Connor is a successful dating advice guru and the publisher of Free Date dot net, a free datehookup and matching service for singles who are looking for that special someone. Google loves this site and indexes it multiple times per day and posts always get lots of comments so you can be sure of some excellent exposure. you can get this author box here Dating certainly comes with its emotional highs and lows.
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Even the most hardened of people will feel the emotional tug of love, jealousy, heartache, and the other spectrum of emotions that come with dating.
While dating in even the best of circumstances can be difficult to say the least, likely none of the relationships you have been in have fully prepared you for the relationship with someone suffering from bipolar disorder.
When your new mate has manic depression/bipolar disorder symptoms, the ups and downs of a traditional relationship seem like a kiddie ride at an amusement park.
The emotions of a relationship where manic depression/bipolar disorder is at play truly overshadows any other relationship you have been in when it comes to extreme ups and downs.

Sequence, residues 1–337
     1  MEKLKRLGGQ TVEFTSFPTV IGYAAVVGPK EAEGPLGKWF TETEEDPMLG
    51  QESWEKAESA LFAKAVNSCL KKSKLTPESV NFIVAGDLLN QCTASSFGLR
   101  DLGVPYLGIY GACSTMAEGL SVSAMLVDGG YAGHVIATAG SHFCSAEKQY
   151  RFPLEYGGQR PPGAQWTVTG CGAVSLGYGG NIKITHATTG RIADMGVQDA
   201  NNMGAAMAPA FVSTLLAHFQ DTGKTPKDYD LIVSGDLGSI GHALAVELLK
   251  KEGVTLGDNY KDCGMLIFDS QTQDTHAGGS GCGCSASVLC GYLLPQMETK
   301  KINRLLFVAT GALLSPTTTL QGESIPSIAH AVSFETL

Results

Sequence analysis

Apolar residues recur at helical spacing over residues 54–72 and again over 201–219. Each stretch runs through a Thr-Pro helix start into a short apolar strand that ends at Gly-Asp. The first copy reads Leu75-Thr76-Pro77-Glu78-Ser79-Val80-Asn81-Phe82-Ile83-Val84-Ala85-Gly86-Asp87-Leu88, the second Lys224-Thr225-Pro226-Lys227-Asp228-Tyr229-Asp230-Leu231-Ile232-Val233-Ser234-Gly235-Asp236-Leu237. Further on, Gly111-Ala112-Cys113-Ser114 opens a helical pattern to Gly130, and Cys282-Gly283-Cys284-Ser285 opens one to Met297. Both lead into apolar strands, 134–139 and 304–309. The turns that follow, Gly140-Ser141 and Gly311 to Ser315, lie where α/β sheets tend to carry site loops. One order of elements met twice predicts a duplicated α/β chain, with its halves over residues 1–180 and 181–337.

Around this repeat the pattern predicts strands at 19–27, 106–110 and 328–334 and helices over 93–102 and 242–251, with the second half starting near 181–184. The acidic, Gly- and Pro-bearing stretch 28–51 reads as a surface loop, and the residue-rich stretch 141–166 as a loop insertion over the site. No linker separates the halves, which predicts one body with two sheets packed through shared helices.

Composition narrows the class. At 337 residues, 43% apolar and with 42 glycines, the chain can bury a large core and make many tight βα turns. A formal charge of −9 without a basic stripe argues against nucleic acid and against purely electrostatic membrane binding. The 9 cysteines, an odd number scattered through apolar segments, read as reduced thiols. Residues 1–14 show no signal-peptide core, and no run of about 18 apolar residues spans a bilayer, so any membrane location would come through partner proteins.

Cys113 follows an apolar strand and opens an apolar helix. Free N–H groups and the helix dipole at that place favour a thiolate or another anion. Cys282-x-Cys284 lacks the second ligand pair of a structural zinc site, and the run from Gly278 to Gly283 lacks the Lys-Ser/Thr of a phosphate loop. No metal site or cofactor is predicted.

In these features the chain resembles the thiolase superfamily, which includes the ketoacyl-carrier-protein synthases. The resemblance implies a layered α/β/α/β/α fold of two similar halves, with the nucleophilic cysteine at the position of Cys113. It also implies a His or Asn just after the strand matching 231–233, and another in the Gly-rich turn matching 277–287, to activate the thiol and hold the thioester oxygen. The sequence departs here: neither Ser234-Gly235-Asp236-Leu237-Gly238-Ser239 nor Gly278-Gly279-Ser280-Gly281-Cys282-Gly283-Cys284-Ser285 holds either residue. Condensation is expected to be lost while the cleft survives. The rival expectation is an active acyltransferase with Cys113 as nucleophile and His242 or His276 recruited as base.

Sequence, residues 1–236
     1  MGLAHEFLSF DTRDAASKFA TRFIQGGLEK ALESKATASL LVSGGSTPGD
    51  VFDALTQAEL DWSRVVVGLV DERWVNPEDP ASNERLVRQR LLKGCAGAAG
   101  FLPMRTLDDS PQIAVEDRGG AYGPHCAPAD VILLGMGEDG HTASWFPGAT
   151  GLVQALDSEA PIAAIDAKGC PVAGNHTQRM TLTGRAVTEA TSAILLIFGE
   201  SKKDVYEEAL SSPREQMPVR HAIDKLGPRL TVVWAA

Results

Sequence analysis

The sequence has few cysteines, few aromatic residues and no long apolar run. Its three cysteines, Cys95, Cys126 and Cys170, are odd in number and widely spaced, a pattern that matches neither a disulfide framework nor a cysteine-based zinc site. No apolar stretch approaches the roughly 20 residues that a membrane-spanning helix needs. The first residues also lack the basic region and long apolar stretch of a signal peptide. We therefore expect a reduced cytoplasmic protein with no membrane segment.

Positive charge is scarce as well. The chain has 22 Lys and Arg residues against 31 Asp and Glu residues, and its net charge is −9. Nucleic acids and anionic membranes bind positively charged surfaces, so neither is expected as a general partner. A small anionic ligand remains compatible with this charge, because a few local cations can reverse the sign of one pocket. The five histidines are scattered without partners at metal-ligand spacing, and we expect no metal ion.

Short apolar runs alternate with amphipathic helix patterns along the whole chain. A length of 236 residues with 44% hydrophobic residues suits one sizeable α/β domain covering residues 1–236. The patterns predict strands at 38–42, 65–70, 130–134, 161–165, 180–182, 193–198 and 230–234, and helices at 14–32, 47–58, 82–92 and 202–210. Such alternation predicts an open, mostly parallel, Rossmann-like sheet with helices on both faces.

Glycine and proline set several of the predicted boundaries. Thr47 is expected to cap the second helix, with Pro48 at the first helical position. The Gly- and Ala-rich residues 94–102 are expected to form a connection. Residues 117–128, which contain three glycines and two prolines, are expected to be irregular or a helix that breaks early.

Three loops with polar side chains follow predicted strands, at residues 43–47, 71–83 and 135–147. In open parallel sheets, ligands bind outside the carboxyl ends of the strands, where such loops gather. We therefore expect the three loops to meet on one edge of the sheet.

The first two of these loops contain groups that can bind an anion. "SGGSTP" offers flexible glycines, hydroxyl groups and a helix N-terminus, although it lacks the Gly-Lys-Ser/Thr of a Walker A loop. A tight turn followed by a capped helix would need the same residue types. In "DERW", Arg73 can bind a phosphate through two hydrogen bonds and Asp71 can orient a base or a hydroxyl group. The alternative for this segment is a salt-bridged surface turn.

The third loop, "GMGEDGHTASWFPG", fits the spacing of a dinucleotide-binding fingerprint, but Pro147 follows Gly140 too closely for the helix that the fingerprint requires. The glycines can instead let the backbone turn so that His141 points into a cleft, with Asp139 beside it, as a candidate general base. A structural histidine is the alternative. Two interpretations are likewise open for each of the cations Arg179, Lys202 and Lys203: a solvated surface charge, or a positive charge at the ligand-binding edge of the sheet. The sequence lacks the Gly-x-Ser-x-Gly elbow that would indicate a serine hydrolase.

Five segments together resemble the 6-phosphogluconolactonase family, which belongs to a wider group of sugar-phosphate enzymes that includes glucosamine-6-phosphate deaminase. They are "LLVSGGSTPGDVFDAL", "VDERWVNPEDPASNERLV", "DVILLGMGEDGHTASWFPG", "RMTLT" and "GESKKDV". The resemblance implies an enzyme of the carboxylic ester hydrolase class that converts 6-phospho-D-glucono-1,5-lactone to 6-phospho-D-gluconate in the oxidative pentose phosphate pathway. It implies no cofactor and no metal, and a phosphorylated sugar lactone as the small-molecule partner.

There are essentially two ways you can enter into a relationship with someone with manic depression/bipolar disorder.
Either your new mate has been aware of the condition and has masked the symptoms from you, as many with this disorder are very adept at doing, or your new mate hasn’t yet been diagnosed with the condition.
The fact is that many people living with the bipolar disorder condition, whether it has been diagnosed or not, do not like to talk about their episodes.
The condition is characterized by very distinct periods of blissful happiness known as mania as well as dark low points when depression is present, and while these periods of extreme highs and lows can last for days, the transition between the two can be sudden and dramatic.
If you suspect your new mate may have bipolar disorder, you should approach the subject tactfully and carefully, all the while trying to prevent having your mate feel like you are attacking them or targeting him or her.
This is a very common condition, and it is entirely treatable with medication.
However, the first step is getting your loved one in to see a doctor.